“Palin is another story. She is an exceedingly odd choice for a party which has spent the better part of the past year loudly exclaiming that it was reaching out to Jewish voters and made much to do about considering two Jewish legislators — Joe Lieberman and Eric Cantor — as vice presidential possibilities.
“First, Palin has absolutely no foreign policy experience — it is ironic that McCain has spent his spring and summer telling Americans that the most important characteristic he is looking for in a vice president is an individual who is ready on day one to assume the presidency. Moreover, Palin has never visited Israel and besides signing a pro-Israel resolution passed by the state legislature, she has apparently never spoken out or focused on the Jewish state.”
And the Israel-based Ha’aretz compared the newly named vice presidential nominee to her Democratic counterpart Sen. Joe Biden. The statement went on to say “The contrast with Joe Biden could not be starker and more unfavorable for the soon-to-be Republican nominee.”
In contrast, the Republican Jewish Coalition issued a very different response to McCain’s running mate selection, saying that the choice demonstrated his good judgment and commitment to challenging politics as usual.
“As governor of Alaska, Palin has enjoyed a strong working relationship with Alaska’s Jewish community. She has demonstrated sensitivity to the concerns of the community and has been accessible and responsive,” said Republican Jewish Coalition Executive Director Matt Brooks.
Politico.com writes, “John McCain may have helped Obama with his Jewish problem by choosing Palin as his running mate.
“McCain and Obama are battling over a portion of the Jewish community: Older, conservative Democrats, largely in South Florida, some of whom backed Hillary Clinton in the Democratic primary. McCain’s secular, hawkish credentials appeal to many in that group, who are skeptical of Obama’s relatively short record and have been deluged with rumors about his pro-Palestinian leanings.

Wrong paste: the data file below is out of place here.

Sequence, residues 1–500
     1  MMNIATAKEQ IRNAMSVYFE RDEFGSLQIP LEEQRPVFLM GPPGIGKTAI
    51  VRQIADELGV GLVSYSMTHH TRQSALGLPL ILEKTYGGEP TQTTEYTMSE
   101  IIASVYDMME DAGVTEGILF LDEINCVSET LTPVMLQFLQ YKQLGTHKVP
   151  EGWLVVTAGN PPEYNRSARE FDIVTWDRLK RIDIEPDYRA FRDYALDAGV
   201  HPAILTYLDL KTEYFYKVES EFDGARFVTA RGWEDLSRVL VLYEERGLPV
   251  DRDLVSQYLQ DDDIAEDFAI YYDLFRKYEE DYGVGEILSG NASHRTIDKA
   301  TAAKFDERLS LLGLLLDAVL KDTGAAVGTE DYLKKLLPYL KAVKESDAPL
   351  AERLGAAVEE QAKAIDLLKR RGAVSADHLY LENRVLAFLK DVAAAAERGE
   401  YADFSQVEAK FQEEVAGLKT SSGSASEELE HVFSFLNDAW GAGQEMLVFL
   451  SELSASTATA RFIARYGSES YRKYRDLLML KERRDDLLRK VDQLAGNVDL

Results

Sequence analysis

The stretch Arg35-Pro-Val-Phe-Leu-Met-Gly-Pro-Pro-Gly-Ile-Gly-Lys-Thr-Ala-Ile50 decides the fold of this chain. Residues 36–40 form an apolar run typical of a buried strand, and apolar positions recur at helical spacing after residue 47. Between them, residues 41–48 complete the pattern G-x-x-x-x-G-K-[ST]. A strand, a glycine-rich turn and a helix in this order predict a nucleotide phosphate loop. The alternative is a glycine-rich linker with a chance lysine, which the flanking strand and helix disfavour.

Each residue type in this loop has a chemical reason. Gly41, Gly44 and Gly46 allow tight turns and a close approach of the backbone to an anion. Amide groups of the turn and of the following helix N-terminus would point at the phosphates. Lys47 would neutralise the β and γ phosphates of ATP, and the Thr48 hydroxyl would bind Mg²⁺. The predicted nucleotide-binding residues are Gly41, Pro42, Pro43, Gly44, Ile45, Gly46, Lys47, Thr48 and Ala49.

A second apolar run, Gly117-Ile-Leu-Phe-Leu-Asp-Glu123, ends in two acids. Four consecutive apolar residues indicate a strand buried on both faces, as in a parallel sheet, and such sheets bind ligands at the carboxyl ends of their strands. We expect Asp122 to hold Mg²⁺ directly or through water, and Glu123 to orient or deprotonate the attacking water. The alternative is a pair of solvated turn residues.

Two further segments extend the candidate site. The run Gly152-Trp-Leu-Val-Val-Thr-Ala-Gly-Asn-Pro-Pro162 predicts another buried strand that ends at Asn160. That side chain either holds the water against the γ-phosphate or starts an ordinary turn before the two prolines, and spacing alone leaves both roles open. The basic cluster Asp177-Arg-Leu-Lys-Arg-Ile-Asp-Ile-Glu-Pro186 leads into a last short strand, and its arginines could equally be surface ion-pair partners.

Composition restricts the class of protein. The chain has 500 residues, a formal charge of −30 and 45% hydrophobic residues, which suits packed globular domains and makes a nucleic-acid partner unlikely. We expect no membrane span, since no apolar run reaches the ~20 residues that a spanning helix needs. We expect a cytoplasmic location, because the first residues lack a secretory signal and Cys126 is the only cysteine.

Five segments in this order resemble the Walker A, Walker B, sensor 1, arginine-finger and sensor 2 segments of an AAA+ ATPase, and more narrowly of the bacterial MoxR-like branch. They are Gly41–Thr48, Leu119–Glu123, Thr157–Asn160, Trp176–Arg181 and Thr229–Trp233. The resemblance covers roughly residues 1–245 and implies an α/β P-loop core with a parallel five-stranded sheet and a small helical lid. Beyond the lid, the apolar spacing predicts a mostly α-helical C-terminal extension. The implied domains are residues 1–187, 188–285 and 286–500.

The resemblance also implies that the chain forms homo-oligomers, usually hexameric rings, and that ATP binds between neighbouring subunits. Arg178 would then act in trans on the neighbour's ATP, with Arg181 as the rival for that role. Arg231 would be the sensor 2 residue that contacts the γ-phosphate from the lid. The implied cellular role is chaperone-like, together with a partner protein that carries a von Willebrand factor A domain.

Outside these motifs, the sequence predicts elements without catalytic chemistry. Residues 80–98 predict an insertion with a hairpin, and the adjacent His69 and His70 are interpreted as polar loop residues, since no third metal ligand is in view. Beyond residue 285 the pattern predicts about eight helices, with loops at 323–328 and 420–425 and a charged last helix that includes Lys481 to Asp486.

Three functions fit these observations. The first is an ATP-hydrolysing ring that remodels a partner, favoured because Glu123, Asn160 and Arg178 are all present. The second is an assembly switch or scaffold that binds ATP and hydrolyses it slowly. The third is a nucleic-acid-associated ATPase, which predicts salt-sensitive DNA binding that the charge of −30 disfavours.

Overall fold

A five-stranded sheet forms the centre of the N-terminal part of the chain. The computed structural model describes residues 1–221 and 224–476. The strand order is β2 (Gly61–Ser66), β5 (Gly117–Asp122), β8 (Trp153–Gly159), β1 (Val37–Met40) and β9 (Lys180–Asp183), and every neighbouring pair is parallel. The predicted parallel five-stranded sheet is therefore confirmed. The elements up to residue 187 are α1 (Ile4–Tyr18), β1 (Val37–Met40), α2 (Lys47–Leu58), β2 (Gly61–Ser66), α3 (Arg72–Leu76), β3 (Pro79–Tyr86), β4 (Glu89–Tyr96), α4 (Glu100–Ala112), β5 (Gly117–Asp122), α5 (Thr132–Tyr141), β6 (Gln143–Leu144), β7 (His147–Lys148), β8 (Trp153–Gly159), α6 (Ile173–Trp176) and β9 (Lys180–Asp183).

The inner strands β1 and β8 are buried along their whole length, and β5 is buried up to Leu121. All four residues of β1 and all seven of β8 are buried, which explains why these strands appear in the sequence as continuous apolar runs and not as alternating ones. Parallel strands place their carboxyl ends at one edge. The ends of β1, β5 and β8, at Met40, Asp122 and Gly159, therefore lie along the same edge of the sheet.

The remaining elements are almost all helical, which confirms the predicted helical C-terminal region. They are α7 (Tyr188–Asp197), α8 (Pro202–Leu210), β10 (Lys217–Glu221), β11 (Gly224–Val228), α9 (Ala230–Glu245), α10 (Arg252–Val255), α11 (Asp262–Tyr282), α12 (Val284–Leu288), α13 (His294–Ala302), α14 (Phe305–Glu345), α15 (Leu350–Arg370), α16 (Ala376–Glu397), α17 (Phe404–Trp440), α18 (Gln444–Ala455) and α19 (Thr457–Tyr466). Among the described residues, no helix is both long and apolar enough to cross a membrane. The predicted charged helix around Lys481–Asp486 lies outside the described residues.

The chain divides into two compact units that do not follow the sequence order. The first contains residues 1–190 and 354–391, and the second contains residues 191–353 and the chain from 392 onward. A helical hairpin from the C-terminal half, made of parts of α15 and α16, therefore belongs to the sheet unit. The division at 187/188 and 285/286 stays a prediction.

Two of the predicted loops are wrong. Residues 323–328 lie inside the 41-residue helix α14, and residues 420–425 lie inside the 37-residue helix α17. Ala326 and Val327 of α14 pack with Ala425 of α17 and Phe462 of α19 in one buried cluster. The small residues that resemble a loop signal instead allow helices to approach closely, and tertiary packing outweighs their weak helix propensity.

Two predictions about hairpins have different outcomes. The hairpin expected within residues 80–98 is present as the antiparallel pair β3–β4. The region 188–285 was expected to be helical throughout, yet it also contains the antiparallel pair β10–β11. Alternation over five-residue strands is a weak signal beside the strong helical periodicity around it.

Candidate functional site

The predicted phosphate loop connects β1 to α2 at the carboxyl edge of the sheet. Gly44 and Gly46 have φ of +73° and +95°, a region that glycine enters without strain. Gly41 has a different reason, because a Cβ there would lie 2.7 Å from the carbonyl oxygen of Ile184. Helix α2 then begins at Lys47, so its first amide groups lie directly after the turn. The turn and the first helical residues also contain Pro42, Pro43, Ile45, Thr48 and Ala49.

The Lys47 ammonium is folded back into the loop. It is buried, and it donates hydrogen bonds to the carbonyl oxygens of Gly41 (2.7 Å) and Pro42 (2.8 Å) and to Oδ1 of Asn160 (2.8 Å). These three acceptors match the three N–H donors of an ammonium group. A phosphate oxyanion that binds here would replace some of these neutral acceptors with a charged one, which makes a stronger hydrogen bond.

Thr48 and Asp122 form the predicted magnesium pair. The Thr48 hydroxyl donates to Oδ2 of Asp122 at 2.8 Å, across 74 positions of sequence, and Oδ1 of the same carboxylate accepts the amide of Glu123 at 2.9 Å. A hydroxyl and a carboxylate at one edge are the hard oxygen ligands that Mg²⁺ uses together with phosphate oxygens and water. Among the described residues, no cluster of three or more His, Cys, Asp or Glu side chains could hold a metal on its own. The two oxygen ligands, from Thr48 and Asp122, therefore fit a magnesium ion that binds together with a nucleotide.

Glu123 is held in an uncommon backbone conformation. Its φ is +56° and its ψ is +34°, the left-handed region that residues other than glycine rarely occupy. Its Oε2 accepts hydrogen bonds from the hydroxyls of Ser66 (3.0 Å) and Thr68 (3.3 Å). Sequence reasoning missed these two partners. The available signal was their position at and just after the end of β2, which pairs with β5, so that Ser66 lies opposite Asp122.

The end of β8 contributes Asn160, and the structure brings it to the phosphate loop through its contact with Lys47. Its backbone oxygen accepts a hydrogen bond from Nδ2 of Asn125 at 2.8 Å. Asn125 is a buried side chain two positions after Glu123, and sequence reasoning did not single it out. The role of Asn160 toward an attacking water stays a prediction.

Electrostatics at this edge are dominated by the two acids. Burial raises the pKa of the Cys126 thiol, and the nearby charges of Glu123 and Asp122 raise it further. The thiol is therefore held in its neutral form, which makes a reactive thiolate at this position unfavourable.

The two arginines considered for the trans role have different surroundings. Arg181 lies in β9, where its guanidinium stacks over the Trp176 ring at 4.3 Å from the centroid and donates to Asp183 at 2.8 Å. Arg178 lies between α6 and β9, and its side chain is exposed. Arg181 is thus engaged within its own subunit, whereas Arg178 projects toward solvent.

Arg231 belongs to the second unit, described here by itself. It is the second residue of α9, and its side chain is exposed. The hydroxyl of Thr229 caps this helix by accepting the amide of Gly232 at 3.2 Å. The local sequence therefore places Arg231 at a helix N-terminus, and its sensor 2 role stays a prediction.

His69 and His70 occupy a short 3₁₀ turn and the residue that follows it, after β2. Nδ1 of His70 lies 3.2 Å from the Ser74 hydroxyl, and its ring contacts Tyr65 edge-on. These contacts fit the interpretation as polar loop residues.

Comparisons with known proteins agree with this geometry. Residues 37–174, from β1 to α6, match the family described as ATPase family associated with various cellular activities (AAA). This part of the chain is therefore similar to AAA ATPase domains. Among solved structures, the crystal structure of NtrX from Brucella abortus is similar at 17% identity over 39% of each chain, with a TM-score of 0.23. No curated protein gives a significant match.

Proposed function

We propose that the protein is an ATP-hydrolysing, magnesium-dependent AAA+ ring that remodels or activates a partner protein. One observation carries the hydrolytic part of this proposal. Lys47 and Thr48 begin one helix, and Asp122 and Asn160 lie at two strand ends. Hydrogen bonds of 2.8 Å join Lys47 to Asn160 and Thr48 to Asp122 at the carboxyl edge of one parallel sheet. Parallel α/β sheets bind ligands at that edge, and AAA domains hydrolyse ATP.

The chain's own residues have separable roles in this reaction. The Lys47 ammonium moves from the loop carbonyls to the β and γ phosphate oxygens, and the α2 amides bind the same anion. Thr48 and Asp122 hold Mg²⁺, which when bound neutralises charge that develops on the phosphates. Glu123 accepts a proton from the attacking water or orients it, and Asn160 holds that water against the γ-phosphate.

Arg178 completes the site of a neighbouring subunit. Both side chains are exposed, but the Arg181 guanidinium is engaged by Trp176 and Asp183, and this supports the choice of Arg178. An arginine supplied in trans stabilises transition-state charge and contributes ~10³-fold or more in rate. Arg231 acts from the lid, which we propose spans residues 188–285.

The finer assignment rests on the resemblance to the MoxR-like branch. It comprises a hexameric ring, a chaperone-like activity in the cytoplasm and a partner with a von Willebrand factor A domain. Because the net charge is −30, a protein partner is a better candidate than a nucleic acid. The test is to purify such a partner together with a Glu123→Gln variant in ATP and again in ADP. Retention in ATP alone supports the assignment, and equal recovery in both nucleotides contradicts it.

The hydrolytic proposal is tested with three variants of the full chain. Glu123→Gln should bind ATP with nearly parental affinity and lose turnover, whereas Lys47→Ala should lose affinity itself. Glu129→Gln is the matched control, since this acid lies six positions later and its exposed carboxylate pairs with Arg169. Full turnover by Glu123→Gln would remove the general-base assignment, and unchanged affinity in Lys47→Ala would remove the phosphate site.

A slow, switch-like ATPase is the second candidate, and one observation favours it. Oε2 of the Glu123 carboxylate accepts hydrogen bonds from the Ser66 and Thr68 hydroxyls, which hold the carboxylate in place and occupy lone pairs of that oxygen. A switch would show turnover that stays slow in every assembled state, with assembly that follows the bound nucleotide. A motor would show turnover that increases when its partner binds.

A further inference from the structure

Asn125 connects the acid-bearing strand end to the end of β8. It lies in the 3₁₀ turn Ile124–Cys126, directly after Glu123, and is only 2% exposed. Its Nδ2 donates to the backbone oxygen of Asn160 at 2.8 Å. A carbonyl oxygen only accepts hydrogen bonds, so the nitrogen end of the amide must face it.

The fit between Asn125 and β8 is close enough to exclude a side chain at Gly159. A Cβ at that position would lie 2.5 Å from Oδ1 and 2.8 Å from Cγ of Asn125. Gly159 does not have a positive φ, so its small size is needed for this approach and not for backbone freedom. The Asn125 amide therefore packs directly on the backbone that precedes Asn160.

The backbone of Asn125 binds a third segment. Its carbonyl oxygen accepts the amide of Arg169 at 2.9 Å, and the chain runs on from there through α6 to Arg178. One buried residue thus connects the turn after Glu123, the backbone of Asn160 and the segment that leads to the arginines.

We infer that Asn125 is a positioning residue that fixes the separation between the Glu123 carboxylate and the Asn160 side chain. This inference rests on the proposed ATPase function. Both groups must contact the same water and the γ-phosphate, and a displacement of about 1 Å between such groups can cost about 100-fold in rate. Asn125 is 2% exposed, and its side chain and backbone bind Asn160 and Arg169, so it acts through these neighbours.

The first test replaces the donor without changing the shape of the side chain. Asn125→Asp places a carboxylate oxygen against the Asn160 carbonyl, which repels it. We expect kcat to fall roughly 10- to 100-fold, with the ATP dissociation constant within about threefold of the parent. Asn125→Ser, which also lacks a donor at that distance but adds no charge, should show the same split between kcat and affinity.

“But Democrats hope Palin’s social conservatism, her paper-thin record on Israel and — perhaps most importantly — her cultural roots in evangelical Christianity may be a major turnoff to Jewish voters, just as Republicans have tried to reach women disappointed that Obama didn’t choose Hillary Clinton.”
Politico.com also noted: “A prominent Obama backer, Florida Rep. Robert Wexler, has attacked Palin for appearing at a 1999 event with Pat Buchanan — who has attacked the influence of the Israeli lobby in America. And the same factors that are rallying the evangelical base to Palin may push away the Jews.”
The executive director of the National Jewish Democratic Council, Ira Forman, cited the “cultural distance” between Palin and almost all American Jews.
In the meantime, however, there’s simply little information available about Palin’s views. Two of Palin’s prominent Alaska Jewish allies, Rabbi Joseph Greenberg and businessman Terry Gorlick, told Politico.com they consider her a friend of the Jews. But they said they’d never heard her discuss Middle East policy in detail and that she’d never visited Israel, though they cited a boilerplate Alaska-Israel friendship resolution she signed.
Republican presidential nominee Senator John McCain (R-AZ) speaks at a campaign rally in Albuquerque, New Mexico September 6, 2008.
Source: Arab News